Joyce, Piran, Refošk, Eyeballs, Proof

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If there is only one aspect of the academic world that is an improvement over that of the tavern, it is that disagreements in academia more often come to their apex with savage calls for proof rather than fisticuffs. Even these can come as a surprise, though. Back in Portorož some twelve years ago when I casually mentioned to my boss, Dr. Dušan Fabe, that James Joyce’s eye troubles began in Piran and thus his visit to Piran consituted an extremely important event in Joyce’s life, Dušan greeted this with a sort of academic’s version of prove it, motherfucker or I’ll knock you on your ass. It was an oddly aggressive rejoinder, but, luckily, I could prove it, and I did. See, the biography of Joyce written by Richard Ellmann, published by Oxford University Press in 1959, happens to be such a good literary biography that it is considered by many to be a blueprint for future literary biographers. It is, to say the least, a definitive source. On page 549 of the 1979 paperback reprint Ellmann writes that Joyce, while in Paris, ‘consulted a well-known French opthalmologist, Dr. Victor Morax, on May 23 (1922). In his notes the doctor wrote that Joyce blamed the origin of his ailment upon a night’s drinking at Pirano in 1910, after which he had spent the early hours of the morning on the ground.’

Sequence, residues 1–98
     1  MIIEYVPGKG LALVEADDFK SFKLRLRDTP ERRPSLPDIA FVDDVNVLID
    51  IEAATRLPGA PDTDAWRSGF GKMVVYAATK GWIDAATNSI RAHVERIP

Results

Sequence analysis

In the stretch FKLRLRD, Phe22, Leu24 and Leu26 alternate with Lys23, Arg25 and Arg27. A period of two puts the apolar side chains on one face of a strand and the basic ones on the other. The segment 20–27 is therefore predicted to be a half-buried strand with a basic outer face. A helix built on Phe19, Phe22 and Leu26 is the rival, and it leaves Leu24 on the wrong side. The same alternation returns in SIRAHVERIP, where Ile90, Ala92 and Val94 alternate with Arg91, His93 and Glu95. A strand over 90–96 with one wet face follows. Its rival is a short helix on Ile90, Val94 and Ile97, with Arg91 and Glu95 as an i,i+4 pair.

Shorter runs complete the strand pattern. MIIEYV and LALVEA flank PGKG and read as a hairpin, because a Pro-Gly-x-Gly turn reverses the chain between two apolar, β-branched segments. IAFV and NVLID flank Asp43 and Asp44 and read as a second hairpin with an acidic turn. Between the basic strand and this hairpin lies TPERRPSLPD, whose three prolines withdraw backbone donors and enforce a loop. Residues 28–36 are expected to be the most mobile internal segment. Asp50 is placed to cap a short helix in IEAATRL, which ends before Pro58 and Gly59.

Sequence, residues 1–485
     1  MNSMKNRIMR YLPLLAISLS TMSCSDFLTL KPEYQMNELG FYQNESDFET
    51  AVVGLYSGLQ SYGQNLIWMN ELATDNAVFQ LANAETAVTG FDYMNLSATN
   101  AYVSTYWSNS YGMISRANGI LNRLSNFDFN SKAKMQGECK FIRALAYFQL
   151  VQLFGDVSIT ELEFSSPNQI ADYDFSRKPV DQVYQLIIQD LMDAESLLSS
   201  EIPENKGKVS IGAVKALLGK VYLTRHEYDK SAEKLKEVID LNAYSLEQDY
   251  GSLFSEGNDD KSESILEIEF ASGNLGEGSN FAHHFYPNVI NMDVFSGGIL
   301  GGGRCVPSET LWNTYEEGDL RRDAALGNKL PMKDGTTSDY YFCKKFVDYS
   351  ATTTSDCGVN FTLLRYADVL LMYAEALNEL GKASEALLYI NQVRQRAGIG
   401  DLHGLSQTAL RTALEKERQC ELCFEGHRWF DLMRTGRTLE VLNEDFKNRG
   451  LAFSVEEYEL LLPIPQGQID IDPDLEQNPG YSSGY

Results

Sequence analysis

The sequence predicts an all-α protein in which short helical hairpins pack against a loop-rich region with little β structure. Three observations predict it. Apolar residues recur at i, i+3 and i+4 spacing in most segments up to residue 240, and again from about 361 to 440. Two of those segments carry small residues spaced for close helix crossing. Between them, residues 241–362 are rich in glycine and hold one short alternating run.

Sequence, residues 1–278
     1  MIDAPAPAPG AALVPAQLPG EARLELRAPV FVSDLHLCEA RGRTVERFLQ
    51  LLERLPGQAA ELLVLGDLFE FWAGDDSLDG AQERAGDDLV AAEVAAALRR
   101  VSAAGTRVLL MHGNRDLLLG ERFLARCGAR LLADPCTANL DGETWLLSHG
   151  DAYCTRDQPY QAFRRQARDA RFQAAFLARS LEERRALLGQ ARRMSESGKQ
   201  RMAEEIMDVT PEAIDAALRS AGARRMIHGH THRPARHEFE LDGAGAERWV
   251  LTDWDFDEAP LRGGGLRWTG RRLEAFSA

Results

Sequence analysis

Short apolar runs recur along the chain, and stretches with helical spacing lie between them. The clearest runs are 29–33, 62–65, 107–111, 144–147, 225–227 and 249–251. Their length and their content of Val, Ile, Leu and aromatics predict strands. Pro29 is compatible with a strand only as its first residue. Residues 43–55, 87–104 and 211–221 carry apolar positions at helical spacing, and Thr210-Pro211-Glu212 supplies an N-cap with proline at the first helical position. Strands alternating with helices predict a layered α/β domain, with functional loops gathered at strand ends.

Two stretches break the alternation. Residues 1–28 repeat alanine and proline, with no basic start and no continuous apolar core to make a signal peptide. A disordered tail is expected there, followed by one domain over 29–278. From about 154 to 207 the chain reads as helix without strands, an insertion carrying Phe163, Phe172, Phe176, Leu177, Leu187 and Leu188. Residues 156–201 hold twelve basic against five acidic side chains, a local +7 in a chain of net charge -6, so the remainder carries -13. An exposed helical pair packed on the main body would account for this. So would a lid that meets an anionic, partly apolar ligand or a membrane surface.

Case closed, now let’s get some lovers of Joyce’s work to include Piran on their itineraries. Trieste has a walking Joyce statue, a bust in the giardano pubblico, and plaques galore. Piran has, up to now, indifference to a great story.

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